Review + Production photos: Verbal punch up in One Night In Miami, Donmar Warehouse
Four men in a room: Cassius Clay (Sope Dirisu) on the cusp of becoming Mohammad Ali, singer Sam Cooke (Arinzé Kene), football player Jim Brown (David Ajala) and activist Malcolm X (Francois Battiste). They have gathered to celebrate Clay becoming heavyweight champion of the world. Each is successful and well known - iconic - in their own right but this is on the eve of the civil rights movement and they know the limitations of their fame.
Kemp Powers' punchy play sees a party mood turn into a heated debate about black power, integration and the responsibilities of fame.
Clay is on the one hand supremely confident and yet has gentler, innocent side that is incongruous with his boxing prowess. Brown is pragmatic about milking his fame to get a career in the movies as his football playing days come to an end. He is also acutely aware of how far society will allow him to integrate, telling of his hero's return to his home town only to realise that a white man won't entertain him inside his house.
Cooke has an independent record label where he can promote black artists but also believes in integration. He tells of his determination to find the key to entertaining the white audience and, in one of the highlights of the play, demonstrates his technique leaping off stage to sing directly to people on the front row (yes I was one of them and as Libby Purves gave Arinzé Kene his own star in her rating I'm guessing she was too).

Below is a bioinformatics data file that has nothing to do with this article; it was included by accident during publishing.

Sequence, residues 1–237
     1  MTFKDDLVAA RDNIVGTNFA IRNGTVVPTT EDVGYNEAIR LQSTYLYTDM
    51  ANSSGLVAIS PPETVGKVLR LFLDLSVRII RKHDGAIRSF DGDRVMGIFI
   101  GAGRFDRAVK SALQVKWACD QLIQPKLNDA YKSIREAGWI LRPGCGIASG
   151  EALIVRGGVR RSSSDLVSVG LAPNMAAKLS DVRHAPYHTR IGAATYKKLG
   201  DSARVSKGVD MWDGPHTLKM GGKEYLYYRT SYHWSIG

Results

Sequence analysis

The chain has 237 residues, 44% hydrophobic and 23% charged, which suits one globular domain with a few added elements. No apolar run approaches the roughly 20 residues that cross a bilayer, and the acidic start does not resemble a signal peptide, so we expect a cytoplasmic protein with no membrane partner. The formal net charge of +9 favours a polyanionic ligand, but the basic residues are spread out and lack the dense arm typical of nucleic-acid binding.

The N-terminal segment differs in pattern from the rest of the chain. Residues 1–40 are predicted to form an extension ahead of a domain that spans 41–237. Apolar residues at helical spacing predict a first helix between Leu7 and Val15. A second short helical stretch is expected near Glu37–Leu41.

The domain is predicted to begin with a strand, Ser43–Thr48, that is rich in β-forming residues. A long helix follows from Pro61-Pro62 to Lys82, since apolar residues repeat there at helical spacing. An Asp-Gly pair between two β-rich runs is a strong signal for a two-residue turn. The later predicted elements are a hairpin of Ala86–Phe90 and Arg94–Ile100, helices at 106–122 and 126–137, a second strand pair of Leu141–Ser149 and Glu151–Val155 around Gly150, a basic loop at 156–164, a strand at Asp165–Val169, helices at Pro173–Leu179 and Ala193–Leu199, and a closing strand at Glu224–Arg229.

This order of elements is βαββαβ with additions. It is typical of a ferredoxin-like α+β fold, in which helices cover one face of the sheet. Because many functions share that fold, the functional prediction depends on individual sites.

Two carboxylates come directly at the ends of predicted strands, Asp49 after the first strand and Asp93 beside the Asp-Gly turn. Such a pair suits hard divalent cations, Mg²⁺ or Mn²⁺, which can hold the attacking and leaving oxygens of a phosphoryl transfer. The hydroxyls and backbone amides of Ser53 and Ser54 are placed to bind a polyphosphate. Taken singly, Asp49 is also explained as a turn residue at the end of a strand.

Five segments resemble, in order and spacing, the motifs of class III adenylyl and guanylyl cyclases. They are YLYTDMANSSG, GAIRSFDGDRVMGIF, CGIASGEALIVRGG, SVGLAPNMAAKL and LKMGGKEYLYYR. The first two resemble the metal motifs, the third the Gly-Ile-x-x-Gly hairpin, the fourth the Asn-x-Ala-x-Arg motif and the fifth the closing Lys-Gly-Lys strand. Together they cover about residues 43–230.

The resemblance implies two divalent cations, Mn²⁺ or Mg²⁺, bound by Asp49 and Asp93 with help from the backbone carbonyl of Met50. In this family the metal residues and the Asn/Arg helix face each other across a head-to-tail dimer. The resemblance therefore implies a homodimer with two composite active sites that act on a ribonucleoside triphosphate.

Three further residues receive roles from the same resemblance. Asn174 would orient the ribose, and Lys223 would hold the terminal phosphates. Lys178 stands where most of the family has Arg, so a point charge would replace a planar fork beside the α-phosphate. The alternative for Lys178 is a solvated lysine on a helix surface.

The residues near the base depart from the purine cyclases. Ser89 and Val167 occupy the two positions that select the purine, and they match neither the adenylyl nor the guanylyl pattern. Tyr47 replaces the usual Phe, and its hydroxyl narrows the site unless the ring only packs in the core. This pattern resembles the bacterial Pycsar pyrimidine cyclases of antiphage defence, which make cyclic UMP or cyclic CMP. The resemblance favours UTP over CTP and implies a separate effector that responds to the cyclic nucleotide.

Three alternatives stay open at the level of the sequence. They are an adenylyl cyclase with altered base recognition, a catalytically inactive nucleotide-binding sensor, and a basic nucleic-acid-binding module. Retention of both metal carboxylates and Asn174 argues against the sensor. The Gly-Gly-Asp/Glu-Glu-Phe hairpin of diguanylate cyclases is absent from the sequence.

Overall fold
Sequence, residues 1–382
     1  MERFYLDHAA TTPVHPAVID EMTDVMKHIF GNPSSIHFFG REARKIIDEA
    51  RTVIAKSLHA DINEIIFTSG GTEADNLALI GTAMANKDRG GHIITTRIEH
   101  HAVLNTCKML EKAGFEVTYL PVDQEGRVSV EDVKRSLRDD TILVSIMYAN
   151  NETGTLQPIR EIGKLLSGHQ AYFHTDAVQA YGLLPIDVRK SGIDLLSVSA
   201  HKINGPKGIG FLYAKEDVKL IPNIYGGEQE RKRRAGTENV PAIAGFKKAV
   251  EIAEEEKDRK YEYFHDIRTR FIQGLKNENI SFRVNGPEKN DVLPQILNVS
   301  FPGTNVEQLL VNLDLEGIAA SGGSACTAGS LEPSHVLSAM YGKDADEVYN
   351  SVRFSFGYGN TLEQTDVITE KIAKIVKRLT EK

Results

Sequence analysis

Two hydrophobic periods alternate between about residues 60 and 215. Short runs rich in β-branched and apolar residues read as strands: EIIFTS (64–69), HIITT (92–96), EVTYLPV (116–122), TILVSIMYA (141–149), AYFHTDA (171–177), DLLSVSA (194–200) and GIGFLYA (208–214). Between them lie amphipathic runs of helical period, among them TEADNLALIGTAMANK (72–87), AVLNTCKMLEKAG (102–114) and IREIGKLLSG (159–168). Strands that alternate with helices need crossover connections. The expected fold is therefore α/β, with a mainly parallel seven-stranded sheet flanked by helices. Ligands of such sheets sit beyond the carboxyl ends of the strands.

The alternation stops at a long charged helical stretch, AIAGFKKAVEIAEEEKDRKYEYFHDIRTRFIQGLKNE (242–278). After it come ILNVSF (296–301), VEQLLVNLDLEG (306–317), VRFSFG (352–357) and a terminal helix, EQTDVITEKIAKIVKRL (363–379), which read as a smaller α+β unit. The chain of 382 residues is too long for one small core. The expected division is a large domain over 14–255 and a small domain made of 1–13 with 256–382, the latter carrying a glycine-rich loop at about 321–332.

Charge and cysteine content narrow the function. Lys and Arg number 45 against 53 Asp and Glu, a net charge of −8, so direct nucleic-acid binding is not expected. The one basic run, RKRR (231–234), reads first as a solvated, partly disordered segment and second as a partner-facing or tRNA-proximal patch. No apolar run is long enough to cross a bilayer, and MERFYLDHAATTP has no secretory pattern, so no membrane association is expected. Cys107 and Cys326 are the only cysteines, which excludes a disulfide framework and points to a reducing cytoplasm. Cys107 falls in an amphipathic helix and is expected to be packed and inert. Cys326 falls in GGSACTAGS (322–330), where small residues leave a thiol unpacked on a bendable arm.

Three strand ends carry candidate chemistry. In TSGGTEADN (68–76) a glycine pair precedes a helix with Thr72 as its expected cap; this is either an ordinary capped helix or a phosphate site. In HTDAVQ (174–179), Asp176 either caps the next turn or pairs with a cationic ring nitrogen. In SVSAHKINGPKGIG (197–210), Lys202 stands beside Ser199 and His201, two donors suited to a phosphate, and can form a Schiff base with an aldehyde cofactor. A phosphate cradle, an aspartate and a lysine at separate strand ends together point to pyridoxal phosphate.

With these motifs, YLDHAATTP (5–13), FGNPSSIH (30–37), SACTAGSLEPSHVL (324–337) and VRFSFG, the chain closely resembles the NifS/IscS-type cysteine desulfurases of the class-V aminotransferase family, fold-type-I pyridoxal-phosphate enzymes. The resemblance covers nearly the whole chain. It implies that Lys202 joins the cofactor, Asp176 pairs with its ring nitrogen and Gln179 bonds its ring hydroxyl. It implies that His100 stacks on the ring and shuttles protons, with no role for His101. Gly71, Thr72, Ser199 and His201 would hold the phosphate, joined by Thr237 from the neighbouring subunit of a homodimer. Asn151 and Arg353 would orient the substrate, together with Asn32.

It is Malcolm that is the real challenger of the group and he particularly guns for Cooke whom he thinks should be using his music to spread important messages. He teases him comparing his love songs to Bob Dylan's campaign songs and accusing him of selling out. But Cooke wrong-foots him in what is the main bout of the play.
One Night In Miami is, however, a play that proves you can properly explore serious subjects and still be engaging and entertaining - and you can do it in under 2 hours - it's 90 minutes straight through. Crucially, it is a play that feels of our times even though it is set in the 1960s.
Great performances from the cast and great singing from Arinzé Kene, I'm giving it four stars. See it at the Donmar Warehouse until 3 December.